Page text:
2 'under the radar' stocks I'd consider in October
James Halstead(LSE: JHD), the commercial flooring manufacturer and distributor, today reported another year of record profits, despite the shadow of uncertainty cast by last year's Brexit vote and tougher than normal trading conditions.
Record turnover and profits
The AIM-listed group, based in Radcliffe near Manchester, announced record turnover of £240.8m for the 12 months ended 30 June, a 6.5% improvement on the £226.1m it reported in 2016. Pre-tax profits also hit record levels at £46.6m, 2.5% higher than the same period a year earlier.
The general weakness of sterling gave a boost to the group's export activities, helping to increase competitiveness and margins, but this was tempered by a 5.2% fall in UK sales, and turmoil in the supply chain of raw materials. But I'm not overly concerned, as the drop in UK sales was entirely accounted for by de-stocking at two of its larger distributor chains, where conditions are now normalising, and the supply chain issues are also largely resolved.
James Halstead's shares have suffered a sharp decline since hitting all-time highs in May, and are now trading close to 12-month lows. I see this weakness as an excellent opportunity for growth-focused investors to pick up the shares on the dip. The shares are by no means cheap however, trading at 24 times FY2018 earnings, but are well worth the premium pricetag in my view given the robust performance and promise of steady long-term growth.
Cheap construction play
Meanwhile, Ibstock(LSE: IBST) is another very promising growth stock that I believe may have gone unnoticed by the majority of retail investors. The FTSE 250 brickmaker has seen its shares perform exceptionally well over the past 15 months, doubling in value since July 2016. But I believe the recent pull-back in the share price could signal a buying opportunity for savvy investors on the lookout for a cheap construction play.
The Leicestershire-based group has a diversified range of clay and concrete products, with operations in both the UK and US. Its principal products are clay bricks, brick components, concrete roof tiles, concrete substitutes for stone masonry, concrete fencing and pre-stressed concrete products.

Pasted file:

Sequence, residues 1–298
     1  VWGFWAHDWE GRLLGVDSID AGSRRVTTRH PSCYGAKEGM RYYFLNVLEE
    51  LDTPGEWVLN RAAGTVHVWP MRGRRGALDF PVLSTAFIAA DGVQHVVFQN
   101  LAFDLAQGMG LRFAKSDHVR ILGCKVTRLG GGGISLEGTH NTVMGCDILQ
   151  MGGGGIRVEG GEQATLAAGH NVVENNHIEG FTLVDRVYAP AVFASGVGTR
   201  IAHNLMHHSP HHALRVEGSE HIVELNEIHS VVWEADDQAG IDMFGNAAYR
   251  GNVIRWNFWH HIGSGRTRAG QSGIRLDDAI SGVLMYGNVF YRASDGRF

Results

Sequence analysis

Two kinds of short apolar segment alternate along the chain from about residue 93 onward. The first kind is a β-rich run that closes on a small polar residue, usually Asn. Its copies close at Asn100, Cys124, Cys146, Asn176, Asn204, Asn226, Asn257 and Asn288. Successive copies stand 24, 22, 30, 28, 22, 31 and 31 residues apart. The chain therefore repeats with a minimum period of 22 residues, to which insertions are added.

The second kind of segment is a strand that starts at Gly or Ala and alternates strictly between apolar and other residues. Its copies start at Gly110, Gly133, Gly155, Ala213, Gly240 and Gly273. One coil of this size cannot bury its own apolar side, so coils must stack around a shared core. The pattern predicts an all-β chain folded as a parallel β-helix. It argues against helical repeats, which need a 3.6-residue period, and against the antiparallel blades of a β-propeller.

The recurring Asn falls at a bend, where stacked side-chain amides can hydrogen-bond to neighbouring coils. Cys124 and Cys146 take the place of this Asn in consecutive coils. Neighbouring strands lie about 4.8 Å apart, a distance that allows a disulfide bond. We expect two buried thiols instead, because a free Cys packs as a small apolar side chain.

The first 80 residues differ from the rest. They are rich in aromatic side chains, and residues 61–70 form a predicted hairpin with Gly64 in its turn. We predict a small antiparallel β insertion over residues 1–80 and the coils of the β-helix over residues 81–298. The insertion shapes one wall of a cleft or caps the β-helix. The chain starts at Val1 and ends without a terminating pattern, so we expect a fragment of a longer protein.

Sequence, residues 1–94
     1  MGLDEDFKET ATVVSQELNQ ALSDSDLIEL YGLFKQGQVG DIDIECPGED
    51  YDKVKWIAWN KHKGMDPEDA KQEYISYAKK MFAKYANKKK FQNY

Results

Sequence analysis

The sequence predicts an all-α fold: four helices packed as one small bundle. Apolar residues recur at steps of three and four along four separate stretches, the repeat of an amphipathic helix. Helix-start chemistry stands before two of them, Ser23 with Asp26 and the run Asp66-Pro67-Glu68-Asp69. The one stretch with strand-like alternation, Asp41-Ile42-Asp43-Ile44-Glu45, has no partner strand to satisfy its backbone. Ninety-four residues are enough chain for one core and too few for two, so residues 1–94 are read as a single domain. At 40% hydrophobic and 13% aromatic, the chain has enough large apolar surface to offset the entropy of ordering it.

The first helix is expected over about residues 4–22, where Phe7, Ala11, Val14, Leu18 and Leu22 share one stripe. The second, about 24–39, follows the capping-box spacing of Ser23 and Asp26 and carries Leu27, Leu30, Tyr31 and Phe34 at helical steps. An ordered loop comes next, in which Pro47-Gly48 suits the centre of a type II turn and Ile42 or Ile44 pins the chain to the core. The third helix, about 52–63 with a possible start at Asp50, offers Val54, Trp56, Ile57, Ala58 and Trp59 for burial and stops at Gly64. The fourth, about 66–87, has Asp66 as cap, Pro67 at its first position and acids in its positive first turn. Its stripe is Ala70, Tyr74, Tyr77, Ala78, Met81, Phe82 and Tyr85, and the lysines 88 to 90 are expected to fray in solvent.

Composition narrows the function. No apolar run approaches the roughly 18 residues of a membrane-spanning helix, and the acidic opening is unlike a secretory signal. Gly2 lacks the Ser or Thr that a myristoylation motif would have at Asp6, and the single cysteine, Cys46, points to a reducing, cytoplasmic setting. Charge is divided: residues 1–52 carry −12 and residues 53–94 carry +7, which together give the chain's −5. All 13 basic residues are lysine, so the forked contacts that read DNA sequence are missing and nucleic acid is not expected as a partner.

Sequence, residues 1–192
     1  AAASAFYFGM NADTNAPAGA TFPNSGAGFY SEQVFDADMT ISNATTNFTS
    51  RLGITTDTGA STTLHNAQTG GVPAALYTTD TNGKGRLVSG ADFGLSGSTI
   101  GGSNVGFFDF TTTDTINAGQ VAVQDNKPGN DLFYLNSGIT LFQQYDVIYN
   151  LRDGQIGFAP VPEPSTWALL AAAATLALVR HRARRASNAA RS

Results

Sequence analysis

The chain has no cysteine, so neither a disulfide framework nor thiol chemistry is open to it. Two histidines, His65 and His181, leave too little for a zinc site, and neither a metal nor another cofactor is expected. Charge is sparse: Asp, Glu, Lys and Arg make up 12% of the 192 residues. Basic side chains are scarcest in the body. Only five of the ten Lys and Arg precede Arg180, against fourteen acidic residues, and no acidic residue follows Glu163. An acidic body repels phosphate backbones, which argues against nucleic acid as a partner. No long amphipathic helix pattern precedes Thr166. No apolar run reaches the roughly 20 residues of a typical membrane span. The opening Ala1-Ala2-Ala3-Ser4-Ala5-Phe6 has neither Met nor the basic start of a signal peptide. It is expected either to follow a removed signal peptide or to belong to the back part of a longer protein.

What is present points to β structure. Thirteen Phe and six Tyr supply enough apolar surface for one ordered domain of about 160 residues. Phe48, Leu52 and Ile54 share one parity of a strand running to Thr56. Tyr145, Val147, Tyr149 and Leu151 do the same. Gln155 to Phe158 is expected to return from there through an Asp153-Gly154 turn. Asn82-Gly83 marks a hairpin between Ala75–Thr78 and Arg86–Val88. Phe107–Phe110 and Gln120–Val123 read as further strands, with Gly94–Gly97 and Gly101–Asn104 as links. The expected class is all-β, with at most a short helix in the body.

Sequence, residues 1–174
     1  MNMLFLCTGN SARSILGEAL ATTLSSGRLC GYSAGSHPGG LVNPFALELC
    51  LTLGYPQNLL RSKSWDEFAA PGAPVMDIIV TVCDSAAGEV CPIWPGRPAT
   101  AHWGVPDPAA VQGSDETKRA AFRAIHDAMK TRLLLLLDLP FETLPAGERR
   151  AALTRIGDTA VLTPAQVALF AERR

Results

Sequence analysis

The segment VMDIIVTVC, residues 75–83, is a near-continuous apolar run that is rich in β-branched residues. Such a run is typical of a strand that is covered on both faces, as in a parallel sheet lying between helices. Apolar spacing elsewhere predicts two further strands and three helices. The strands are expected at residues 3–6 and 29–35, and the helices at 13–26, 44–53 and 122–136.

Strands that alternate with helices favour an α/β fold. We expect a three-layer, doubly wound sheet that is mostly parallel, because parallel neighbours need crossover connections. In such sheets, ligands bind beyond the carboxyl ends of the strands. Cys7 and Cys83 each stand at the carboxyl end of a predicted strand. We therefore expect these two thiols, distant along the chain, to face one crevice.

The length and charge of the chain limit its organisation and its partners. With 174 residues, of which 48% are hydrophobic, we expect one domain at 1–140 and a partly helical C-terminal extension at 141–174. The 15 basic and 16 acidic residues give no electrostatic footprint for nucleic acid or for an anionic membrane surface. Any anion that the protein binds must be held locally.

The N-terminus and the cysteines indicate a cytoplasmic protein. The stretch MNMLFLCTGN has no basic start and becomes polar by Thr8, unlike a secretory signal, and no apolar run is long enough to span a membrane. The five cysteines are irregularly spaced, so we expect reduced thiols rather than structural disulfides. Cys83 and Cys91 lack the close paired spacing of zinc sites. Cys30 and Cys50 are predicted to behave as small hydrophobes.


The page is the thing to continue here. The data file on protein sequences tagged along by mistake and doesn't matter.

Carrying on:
Leading brick manufacturer
The UK operation accounts for 81% of group revenues, with the Ibstock Brick business being the country's leading manufacturer of clay bricks by volume. With 19 manufacturing plants, the business also boasts the largest brick production capacity in the UK, operating a network of 23 active quarries, generally located close to its manufacturing plants.
I believe the longer-term fundamentals for Ibstock and the UK housebuilding sector in general remain in place, with government support, good mortgage availability, and a continuing undersupply of new homes. Housing prices may fluctuate but the fundamental demand for homes among consumers from families to singles remains strong and this is good news for the bricks sector.
The shares trade on a fairly modest price-to-earnings multiple of 12, and offer a solid yield of 3.6%, with payouts covered more than twice by forecast earnings.
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Bilaal Mohamed has no position in any shares mentioned. The Motley Fool UK has no position in any of the shares mentioned. Views expressed on the companies mentioned in this article are those of the writer and therefore may differ from the official recommendations we make in our subscription services such as Share Advisor, Hidden Winners and Pro. Here at The Motley Fool we believe that considering a diverse range of insights makes us better investors.